Sudan’s Military Rejects Ethiopia’s Transition Proposal

A transition plan to move Sudan towards civilian rule was proposed by Ethiopian Prime Minister Abiy Ahmed Ali on June 23rd but was rejected by Sudanese military rulers. The Transitional Military Council (TMC), nevertheless, refused this proposal. “We asked the mediators to unite their efforts and submit a joint paper as soon as possible to return the parties to negotiations,” said Transitional Military Council member and spokesman Lt Gen Shams al-Deen Kabbashi, according to The National. Part of the rejection to this proposal stems from the TMC’s fear that Ethiopia is attempting to infringe on the sovereignty of Sudan. According to news site The East African, “Sudan is not accepting any external intervention that is trying to impose any kind of solutions without our opinions and consultations,” al-Deen Kabashi said. However, as of June 29th the TMC accepted the joint AU-Ethiopia transition proposal. The agreed-upon proposal is similar to the one proposed by Abiy but the legislative council’s composition would be decided upon the signing of the agreement, according to Al Jazeera.
The international community has expressed concern for protestors and has been urging both the TMC and opposition to negotiate. UN Rights Chief Michelle Bachelet pleaded Sudan allow human rights monitors access into the country in order to investigate the crimes committed by the TMC on the June 3rd sit-in carried out by protestors.
Amnesty International’s Secretary-General Kumi Naidoo said the TMC “must not allow the country to slide back into yet more repression”.

“A number of points have emerged around it, but in general it is a suitable proposal for negotiations to reach a final agreement leading to the establishment of the institutions of a transitional rule …,” al-Deen Kabbashi said.

There is a sense of optimism that a transition into a civilian-led government can be reached between protestors and the military, especially since widespread attention for the uprising has been apparent. Arab Spring uprisings have created lasting change in countries like Egypt, Tunisia, and Algeria. Similar uprisings can find success in Sudan because both the FDFC and TMC have shown a desire to negotiate with each other. Despite this, peace can only be achieved with the inclusion of justice. Reprimanding the TMC for their excessive use of violence and human rights violations will send a message to Sudan, Ethiopia, and the international community that whatever the outcome of the negotiations, it cannot be complete without the halting of unnecessary violence towards citizens. Bachelet demonstrated her understanding of this and therefore is taking a step in the right direction. The world has learned how violence and the lack of consequences for opposition groups in the Arab Spring has played out. The Supreme Council of the Armed Forces in Egypt, the Bahraini government, and Syrian security forces have, for example, allowed violence to flourish because there was no accountability for their horrendous acts. In the end, only Sudan can find peace for Sudan. A balance of FDFC and TMC representation may be the only way of achieving a real, permanent democracy.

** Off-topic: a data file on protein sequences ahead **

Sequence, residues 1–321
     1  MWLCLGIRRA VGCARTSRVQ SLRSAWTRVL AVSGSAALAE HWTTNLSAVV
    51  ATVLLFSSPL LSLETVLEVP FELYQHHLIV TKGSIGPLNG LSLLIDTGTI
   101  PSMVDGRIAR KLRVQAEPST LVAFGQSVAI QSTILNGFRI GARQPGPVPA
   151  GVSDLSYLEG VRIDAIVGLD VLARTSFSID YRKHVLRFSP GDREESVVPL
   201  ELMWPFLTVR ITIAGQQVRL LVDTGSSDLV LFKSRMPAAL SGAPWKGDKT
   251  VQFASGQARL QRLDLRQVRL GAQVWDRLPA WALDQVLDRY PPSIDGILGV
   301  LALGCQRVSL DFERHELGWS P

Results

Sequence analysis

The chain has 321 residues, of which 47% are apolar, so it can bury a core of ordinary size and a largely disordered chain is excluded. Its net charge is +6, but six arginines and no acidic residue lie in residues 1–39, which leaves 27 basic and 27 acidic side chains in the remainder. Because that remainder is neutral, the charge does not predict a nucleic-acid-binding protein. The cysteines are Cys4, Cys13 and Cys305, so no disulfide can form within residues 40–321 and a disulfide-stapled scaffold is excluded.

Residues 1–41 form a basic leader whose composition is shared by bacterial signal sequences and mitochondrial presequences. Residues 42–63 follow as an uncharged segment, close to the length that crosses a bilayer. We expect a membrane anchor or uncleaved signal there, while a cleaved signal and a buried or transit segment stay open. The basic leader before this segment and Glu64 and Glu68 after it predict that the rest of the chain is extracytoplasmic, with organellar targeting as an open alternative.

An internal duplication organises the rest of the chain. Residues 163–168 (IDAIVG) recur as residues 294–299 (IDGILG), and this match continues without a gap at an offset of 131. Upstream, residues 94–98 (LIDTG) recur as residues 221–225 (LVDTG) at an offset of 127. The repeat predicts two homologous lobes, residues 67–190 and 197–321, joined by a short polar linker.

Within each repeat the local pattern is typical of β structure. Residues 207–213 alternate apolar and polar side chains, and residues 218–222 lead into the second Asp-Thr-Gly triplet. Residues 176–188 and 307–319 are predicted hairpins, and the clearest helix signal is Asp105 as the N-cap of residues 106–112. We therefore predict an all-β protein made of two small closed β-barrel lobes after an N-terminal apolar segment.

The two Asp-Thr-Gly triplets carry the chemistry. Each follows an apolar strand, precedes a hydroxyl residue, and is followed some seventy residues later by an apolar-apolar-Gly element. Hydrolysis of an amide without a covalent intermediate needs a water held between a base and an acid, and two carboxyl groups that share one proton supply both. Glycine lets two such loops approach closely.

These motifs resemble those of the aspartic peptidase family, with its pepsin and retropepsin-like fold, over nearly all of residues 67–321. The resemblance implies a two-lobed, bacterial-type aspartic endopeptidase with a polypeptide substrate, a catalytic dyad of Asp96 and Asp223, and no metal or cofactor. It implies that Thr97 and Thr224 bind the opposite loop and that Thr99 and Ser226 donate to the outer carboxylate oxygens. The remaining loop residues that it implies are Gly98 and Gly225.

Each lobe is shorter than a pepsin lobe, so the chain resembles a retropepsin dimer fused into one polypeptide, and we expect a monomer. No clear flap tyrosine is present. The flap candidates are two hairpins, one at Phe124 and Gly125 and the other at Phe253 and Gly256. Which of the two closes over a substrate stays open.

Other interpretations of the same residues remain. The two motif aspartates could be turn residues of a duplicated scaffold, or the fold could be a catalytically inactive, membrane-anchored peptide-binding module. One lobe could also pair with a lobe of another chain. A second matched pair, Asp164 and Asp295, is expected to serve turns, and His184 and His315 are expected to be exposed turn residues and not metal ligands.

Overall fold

Sudan has been undergoing a revolution since December 2018 to instate civilian rule after the toppling of president Omar al-Bashir in April. Street protests by those demanding a transition to civilian rule have been met with violence by the Sudanese security forces. As of the protests of June 30th, 7 civilians have died and 181 have been wounded. Efforts to alleviate the crackdown on protests has led Ethiopia to offer a transition proposal in hopes of reaching a compromise. Abiy Ahmed Ali, prime minister of Ethiopia, visited Khartoum two weeks ago to present his proposal, but was struck down by the Transition Military Council claiming that it was a threat to Sudan’s sovereignty and there would need to be a new proposal with the inclusion of the African Union.

With news that a transition plan has been accepted and will finally seat the Sudanese military leaders and members of the opposition at the same table, there seems to be a promising start to negotiations. Regardless, protests are still ongoing and the opposition is adamant about their wishes to instate civilian rule. The situation is still sensitive because agreement about the makeup of the legislative council has not yet been achieved. Depending on how these talks between the TMC and FDFC go, we may either see a cessation of abuse to civilians or an escalation of these protests.

Kerent Benjumea